Tag Archives: music

State of the Culture : The Winky D case

So on the 24th of December Winky D, Zimbabawe’s foremost musical juggernaut of the present moment and dancehall music hitmaker  was the victim of a madding crowd in Kwekwe, small town in the country’s midlands province, the land of a so called terror gang?

picture courtesy of Winky D Facebook timeline


But what actually happened in Kwekwe? Was it a case of a prima donna who stretched his luck and earned the wrath of music lovers by delaying his entrance?

The footage available on You Tube of Zimbabwe’s number one showman in the fiasco in Kwekwe makes cringe worthy watching. In the first nineteen seconds is a cacophony of sounds as Winky D stands surrounded by civilians and military police in their custom red berets and fatigues. Was the military police part of the security for the day or just out for a good time? The girls are shrieking (though one can’t see them) as Winky D seems to be psyching himself up. Then the thugs start pelting.


The video gets blurry. Whoever was filming must have been trying to duck from the missiles and most likely bottles being hurled. Someone is heard saying ‘Arohwa musoro here or words to that effect’. Then the footage ends. I want to know what the gallant military men then did in the melee. Who had the nerve to unleash terror in the soldiers’ awesome presence? What drink do the brave ones actually drink to ‘wanna be starting something’ when the soldiers’ own police are around? So many questions?

The media

One narrative says that Winky D provoked the ire of music lovers by going on stage late. The other says that his presence in Kwekwe a renowned place of terror and prowling ground for the bad and the ugly was in itself suicidal given the place’s history with political violence. The latter narrative lends itself to the idea of a musician who has fallen foul of the powers that be and their fiendish sympathizers at ground zero. The reason for the bull’s eye on his back would be the song Kajecha which is interpreted to imply criticism of the ruling Zanu PF and support for the MDC. All these theories are moot at present and the efforts to get a hold of Winky D’s manager directly have proved fruitless except the following on the artist’s Facebook page post:

“We realised how the noblest energies could be subverted in the name of expedience, how narrow interests could be used against a collective expression of a ghetto discontent constituted artist voice.
I am sure that cheap versions of “absolute truths” are already being peddled. Programmed applauders of everything anti-Winky D should realise that this is no longer the perceived musical beef terrain, (haisi kids game) but real life situations, wherein, had the worst happened, we could have been writing this near the smoke or harmony of a funeral procession.The story being sold that the artist arrived late for the performance is far from the truth. It’s a falsehood meant to spoil the truth. As always, the artist was on time and ready to perform as per allocated time, his performance was supposed to start at 2:30 and the 0345am being peddled around, is a time at which the artist and his crew were in the midst of scurrying for dear life…”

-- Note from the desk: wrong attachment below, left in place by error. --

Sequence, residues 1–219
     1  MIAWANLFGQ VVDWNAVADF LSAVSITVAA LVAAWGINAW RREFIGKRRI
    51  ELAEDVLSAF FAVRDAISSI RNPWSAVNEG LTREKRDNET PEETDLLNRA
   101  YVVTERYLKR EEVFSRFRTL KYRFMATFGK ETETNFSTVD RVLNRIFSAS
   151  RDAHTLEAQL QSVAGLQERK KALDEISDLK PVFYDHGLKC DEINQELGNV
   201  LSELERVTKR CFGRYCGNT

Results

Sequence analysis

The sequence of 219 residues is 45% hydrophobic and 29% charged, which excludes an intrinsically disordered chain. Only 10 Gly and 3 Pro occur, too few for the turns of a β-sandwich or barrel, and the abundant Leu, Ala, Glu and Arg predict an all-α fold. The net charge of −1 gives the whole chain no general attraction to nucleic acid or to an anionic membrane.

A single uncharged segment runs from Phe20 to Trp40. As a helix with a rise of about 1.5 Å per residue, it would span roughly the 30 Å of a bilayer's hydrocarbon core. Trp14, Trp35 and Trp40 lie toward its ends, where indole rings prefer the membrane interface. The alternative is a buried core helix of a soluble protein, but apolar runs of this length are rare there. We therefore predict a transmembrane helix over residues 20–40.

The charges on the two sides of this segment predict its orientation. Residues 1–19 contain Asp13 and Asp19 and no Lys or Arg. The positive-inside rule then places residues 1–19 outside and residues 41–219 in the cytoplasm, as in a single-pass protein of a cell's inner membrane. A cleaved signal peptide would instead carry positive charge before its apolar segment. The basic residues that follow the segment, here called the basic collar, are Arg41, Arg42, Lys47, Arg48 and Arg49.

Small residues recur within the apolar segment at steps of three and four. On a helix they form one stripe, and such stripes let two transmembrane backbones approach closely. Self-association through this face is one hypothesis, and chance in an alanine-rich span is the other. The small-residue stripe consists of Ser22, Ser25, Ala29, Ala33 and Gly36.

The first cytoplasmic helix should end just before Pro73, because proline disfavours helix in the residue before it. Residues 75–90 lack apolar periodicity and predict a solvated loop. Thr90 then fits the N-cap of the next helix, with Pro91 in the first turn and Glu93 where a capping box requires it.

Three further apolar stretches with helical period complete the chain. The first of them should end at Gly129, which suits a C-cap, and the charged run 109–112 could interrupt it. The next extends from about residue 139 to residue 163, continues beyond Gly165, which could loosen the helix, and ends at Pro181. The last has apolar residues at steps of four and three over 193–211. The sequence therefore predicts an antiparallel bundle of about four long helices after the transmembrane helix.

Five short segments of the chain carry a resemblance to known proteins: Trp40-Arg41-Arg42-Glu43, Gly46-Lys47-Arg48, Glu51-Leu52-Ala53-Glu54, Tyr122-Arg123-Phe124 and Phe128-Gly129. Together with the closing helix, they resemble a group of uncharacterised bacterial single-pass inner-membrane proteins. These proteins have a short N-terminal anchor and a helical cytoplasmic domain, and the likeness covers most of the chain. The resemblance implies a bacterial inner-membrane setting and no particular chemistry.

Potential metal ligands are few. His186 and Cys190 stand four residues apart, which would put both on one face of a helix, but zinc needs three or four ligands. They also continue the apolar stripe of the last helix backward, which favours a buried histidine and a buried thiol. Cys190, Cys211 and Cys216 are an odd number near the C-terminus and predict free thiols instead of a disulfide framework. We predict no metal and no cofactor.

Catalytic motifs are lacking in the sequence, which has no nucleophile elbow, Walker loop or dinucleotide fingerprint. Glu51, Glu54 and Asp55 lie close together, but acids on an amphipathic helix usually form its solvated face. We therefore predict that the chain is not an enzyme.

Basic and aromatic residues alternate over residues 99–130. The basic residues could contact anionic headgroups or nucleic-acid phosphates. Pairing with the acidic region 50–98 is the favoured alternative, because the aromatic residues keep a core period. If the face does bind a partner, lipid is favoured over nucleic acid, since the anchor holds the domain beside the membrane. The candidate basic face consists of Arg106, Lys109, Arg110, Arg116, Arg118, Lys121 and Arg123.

The aftermath

The following morning Winky D tweets in his official account that he is safe together with his band Vigilance. The Vigilant ones managed to escape the daring assault by a madding crowd who risked even pelting military men! Zimbabwe is becoming more and more volatile when we have civilians being as bold as pelting a person surrounded by military police. But what was the trigger for the riot at King Solomon’s Hotel owned reportedly by one Mr. Solomon Matsa? Sadly, the news filtering through indicates that his place was damaged in the violence. I wonder if he has security cameras. It now seems that security cameras are a must for places where crowds gather. The footage would come in handy should the police be acting to arrest the assailants.

Money motive?

Some of the reports have it that the crowd was not amused when the show’s admission charges changed from $10 to US$10 and that they were upset furthermore that Winky D appeared on stage at 3.45am. The bill had a number of other performers however as curtain raisers with Winky D as the head line act. As one would expect, people got hurt in the melee. But what sort of raging beast was it that bedeviled the Kwekwe show?  This would be the second time a musician of note has suffered crowd violence. Jah Prayzer experienced similar violence at the burial of his deceased former band member. He ran like the wind to escape the ravenous crowd. Why were the people mad at him?

A violent and cowardly society